Sunday, January 25, 2009

Henry the Show-dog

not to be confused with a dog-show dog. there is a colloquial phrase that incorporates the term "show" to mean great or the best. i'm not sure of the history of this but we have adopted it. although i stopped short before calling kassi my show-girl. that is just too weird.

anyway henry is the true show-dog. yesterday while i was at work tabitha was cleaning the house and paused in front of the sliding-glass door and henry spotted her and started going crazy barking and jumping against the fence frantically. tabitha ran out there to see what the trouble was. he promptly ran over to the cattle stock-tank where a pullet chicken had fallen in trying to get a drink. she promptly scooped it up. it was barely alive and freezing wet. she brought it into the house in a cardboard box and set it next to the warm wood stove.

the chicken is fine and happily laying eggs today. henry knows that those chickens are part of his pack. he fiercely protects them and guards his boundary with extreme prejudice. we feel safer everyday he is here. the neighbors are frightened of him because he is so huge and foreboding. i'm sure that strangers think the same thing.

we were told by his breeders that he'd start really guarding things at eight months and get more and more serious about it as he approached two years old. he does the classic great pyrenees dragging stuff around the fields. it's like he rearranges things for some aesthetic reason. he destroyed a few things but that is our bad leaving them in his domain.

he doesn't have easy access to the immediate yard but easily clears fences of this height. since he was a small puppy i have taught him to stay out of the yard and he respects that rule even when the gates are open and kids running back and forth. we plan to get a another great pyrenees in the spring--a girl. i guess having a pair of them is an almost infallible defense.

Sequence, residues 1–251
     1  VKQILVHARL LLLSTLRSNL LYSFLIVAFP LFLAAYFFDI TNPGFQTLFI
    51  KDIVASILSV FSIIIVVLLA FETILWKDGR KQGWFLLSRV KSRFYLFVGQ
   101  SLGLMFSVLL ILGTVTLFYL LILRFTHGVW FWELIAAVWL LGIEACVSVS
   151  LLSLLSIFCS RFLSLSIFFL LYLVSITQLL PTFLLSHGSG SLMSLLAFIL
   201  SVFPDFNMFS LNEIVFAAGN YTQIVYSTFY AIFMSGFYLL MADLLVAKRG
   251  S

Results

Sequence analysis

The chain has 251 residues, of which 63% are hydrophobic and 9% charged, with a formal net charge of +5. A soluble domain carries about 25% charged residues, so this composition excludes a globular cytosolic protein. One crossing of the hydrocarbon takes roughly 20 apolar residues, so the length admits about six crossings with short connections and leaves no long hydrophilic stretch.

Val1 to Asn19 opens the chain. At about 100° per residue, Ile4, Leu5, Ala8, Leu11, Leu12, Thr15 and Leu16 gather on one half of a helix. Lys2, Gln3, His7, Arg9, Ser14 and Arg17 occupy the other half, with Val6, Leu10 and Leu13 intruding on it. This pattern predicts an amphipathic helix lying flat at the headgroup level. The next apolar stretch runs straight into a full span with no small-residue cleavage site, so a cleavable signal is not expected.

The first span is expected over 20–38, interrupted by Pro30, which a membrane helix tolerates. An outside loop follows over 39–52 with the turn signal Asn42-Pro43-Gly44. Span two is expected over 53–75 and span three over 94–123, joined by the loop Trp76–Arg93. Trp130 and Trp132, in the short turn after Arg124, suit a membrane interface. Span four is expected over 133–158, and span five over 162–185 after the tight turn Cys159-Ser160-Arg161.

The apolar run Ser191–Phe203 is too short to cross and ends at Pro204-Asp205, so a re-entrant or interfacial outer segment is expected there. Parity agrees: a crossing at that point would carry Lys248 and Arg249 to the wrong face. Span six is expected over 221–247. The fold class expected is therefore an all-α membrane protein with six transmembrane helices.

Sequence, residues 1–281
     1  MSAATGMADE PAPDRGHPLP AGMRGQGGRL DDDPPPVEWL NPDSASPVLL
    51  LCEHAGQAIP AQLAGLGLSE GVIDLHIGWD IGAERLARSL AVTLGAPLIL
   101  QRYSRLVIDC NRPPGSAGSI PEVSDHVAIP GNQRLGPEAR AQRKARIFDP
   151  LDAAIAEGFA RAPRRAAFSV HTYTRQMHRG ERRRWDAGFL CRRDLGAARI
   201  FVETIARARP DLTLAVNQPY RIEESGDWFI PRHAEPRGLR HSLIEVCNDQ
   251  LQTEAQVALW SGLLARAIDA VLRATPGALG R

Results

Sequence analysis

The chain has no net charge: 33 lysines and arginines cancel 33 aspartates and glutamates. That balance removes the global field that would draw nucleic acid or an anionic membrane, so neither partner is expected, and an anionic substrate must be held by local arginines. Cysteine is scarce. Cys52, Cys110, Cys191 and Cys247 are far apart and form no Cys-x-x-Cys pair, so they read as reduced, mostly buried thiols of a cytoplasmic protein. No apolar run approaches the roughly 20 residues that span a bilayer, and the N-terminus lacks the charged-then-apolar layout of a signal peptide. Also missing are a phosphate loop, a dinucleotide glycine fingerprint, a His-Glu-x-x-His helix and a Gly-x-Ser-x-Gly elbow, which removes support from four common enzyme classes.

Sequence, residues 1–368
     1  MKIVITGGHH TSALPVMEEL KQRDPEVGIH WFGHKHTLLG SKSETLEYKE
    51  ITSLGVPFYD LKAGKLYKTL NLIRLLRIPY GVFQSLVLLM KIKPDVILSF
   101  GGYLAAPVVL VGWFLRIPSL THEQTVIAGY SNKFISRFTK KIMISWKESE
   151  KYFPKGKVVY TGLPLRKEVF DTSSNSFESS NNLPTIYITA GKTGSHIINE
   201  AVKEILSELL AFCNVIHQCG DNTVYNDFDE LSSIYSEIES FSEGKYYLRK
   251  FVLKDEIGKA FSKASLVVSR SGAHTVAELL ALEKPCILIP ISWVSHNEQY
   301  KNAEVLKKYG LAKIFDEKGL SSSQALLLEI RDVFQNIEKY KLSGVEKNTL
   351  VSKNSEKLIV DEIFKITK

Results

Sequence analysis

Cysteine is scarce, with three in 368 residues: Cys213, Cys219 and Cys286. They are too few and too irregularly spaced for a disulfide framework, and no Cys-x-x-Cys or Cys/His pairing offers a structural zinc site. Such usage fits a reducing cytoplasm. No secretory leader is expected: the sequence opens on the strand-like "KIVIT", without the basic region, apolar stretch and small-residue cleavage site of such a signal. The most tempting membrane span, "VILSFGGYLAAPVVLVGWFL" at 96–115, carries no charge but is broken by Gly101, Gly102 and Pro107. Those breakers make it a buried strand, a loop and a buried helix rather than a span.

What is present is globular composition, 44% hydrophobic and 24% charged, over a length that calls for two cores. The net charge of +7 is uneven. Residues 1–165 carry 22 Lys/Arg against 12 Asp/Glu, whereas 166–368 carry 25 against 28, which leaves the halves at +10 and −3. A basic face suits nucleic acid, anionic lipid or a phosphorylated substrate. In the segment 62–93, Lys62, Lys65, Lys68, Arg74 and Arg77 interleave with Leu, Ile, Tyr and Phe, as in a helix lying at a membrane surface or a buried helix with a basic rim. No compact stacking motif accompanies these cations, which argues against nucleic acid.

so, kudos to henry the show-dog and exhalations to his guarding prowess.

i have made serious effort to be sure that the chickens have unfrozen water as often as i can. i might have to purchase a waterer heater--yet another electric appliance for the bill.


Fleecenik Farm said...

We have a friend who has a Pyrenees that she keeps with her rams. Hi name is Henry too!.

Patt M said...

You can't beat a good farm dog! Well done Henry.

Beth said...

Whoo-hoo for Henry. High five and fist bump!! I, too, have been having trouble keeping the waterers thawed. I just hate to have a warmer though. That would be another drop cord ran across the labyrinth that's already there.

Have a great week.

Ed Abbey said...

I've seen several versions of some of solar heated stocktanks down in your neck of the woods and south. I would think with some greenhouse panels, you could make one that stays unfrozen in all but the worst cold days.

We used to use earth tubes for our livestock. They were 16 to 24" plastic tubes buried down well below the frost line in the soil and used the earth's natural heat to keep the water unfrozen in an insulated waterer set on top. They worked great but wouldn't work for chickens since they have insulated flaps that need to be lifed up by the animal to get to the water.

Woody said...

Henry the chicken saver...Our dogs would have been grateful that the bird was marinated before the meal.


warren said...


syncbox said...

wow, what a cool hero dog story! Henry's so big... does he try to jump up on people at all? I bet he could knock a cow over.

Matthew Daughters said...

Yoshi can do that.

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